Blog Editor’s Note: This project has gotten a lot of press in the last couple weeks.
The below report in the Register is the first one, though, that points out some of the challenges to implementing it on a broad scale. They list:
- No coverage in some areas. In the words of the article sub-head “What happens when there is no signal?”
- Adding the capability to wireless networks (said to be possible with “little difficulty)
- Updated radio access kits at base stations (there are lots of base stations and this would take a while depending on govt mandates, support, equipment obsolescence/retirement cycles, etc.)
- The need to update/replace handsets and other receivers (probably easiest/quickest for cell phones as average replacement time is about 2.5 years)
- Deciding the benefit is worth the cost (making a business case here could be a challenge)
- Providers already have a lot on their plates trying to bring “the full spectrum of 5G capabilities to their networks.”
The test bed described used fiber to distribute time to the base stations.
Not mentioned by the article as a possible obstacle is the availability and cost of fiber connections for a national network. Our member Dave Tuck co-authored a paper last year about supporting 5G with timing from eLoran to augment fiber and enable a limitless number of geo-independent users.
In fairness, many of the obstacles to implementation listed for this system apply to most others also.
All of that said, the technology does seem to have a lot of potential to be part of a national PNT architecture.
But we have lots of technology available for non-GPS/GNSS PNT. That is great, but technology will not save us. It has to be implemented and used. For that we need concern and leadership at the national level. Things that are often in short supply.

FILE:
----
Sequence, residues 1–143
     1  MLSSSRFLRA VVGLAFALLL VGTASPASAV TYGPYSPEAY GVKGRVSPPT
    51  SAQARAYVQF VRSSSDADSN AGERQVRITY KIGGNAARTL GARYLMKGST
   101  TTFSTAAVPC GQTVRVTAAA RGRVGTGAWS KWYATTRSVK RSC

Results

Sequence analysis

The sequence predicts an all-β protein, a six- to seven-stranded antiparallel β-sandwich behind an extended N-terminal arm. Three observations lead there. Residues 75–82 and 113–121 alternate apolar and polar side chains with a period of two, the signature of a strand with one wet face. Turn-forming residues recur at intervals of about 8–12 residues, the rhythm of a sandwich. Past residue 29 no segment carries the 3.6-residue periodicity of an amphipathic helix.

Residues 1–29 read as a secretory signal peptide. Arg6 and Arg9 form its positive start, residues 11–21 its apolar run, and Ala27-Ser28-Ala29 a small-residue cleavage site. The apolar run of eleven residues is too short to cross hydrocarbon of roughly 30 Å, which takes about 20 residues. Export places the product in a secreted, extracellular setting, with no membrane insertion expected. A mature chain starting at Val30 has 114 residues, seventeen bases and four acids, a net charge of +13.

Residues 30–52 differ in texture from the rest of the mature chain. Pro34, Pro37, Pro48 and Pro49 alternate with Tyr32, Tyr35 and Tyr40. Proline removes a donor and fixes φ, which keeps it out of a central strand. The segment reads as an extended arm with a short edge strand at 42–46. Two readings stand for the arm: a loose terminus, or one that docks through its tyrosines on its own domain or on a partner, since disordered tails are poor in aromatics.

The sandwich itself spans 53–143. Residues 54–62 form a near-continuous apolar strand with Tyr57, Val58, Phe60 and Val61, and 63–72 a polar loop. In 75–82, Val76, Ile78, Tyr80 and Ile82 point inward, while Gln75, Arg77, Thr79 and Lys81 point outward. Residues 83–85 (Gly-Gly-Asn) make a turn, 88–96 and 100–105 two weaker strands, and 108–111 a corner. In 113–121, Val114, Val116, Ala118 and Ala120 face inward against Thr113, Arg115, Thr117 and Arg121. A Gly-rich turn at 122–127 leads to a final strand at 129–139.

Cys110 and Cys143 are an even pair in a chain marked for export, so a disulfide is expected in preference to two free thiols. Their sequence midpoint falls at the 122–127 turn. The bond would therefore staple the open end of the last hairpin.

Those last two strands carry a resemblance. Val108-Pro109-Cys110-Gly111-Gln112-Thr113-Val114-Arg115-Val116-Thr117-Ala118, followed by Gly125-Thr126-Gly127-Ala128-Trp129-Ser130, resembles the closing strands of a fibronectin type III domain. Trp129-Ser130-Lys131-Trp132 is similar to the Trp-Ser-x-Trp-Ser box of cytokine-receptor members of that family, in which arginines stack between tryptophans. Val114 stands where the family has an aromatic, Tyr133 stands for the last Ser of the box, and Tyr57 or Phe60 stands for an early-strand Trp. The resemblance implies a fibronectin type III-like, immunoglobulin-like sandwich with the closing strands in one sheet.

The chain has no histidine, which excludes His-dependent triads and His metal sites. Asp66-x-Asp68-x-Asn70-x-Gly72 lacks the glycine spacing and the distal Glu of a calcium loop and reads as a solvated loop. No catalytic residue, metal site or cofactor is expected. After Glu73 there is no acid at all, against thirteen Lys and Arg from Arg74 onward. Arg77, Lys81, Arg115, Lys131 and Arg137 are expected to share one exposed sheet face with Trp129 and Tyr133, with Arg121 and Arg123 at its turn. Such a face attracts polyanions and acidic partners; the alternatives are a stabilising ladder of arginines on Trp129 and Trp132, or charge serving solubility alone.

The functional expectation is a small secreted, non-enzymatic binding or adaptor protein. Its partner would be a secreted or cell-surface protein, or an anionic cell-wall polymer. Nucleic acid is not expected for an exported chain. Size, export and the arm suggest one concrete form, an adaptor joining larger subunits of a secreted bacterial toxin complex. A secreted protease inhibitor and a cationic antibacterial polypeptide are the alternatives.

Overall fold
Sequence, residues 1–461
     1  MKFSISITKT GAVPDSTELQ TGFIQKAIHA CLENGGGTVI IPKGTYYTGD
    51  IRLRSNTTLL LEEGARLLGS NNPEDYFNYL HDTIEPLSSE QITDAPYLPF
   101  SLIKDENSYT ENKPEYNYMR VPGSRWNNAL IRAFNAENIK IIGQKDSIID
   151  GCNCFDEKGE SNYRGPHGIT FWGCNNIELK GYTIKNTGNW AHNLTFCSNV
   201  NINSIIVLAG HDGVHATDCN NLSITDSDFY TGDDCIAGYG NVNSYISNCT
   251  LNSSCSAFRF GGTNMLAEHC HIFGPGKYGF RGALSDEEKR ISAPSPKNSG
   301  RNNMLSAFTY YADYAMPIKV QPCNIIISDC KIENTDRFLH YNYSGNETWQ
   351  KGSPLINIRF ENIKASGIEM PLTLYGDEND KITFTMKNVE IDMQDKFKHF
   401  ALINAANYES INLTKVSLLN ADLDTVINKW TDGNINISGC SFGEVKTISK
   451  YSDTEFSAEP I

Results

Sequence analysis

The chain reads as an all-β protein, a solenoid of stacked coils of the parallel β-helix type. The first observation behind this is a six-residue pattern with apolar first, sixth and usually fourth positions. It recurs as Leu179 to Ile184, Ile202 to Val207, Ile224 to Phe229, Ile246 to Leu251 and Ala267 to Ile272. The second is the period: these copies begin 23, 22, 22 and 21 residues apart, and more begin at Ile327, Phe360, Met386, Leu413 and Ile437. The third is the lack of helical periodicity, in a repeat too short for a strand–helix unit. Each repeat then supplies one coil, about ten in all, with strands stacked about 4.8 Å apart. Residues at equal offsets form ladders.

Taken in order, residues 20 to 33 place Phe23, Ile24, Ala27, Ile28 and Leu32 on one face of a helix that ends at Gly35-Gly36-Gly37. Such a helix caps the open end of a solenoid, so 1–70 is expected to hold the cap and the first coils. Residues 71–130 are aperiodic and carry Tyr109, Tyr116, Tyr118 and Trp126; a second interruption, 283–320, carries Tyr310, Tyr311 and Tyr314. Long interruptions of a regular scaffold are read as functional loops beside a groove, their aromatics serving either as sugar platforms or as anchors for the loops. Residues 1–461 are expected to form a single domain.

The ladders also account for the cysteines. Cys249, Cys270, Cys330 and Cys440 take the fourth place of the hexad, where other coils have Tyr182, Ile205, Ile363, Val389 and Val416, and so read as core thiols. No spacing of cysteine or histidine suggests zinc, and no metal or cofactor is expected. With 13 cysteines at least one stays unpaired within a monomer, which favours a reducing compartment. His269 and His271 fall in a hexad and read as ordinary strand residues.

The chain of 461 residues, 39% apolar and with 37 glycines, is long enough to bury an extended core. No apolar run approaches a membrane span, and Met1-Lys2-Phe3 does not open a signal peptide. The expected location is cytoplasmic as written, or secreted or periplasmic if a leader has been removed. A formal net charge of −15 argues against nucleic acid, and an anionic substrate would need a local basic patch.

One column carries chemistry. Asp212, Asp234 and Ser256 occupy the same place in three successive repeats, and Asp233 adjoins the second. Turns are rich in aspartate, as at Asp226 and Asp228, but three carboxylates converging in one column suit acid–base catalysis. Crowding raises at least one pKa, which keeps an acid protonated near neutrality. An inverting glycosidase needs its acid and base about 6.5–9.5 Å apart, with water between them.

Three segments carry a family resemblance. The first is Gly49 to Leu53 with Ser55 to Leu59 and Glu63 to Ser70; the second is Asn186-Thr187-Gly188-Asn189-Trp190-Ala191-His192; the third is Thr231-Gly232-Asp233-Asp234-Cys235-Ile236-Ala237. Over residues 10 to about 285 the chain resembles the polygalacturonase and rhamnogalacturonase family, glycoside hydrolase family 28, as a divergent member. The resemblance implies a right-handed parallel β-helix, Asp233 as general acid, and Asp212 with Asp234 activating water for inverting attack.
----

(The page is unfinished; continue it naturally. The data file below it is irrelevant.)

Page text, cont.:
Decimeter-level uncertainty, sub-nanosecond time synchronization – but what happens when there’s no signal?
A recently published research paper proposes a system for terrestrial positioning that could give greater accuracy than the existing satellite-based systems, and could potentially be incorporated into future mobile networks.
Global positioning systems like GPS, Glonass and Galileo are widely used for applications such as navigation, but they do not always work well in dense urban environments due to buildings interfering with the direct line-of-sight to a satellite, and signals being reflected off buildings.
The paper, “A hybrid optical–wireless network for decimetre-level terrestrial positioning”, published in science journal Nature, describes an alternative terrestrial positioning system that is independent of satellites and claimed to offer superior performance with centimeter-to-decimeter-level uncertainty plus sub-nanosecond time synchronization support.
Like satellite-based systems, the one proposed by the researchers relies on the accurate measurement of arrival times of radio signals, but it uses a time signal distributed to all the radio transmitters via an optical fiber network to ensure they are synchronized to a common reference clock.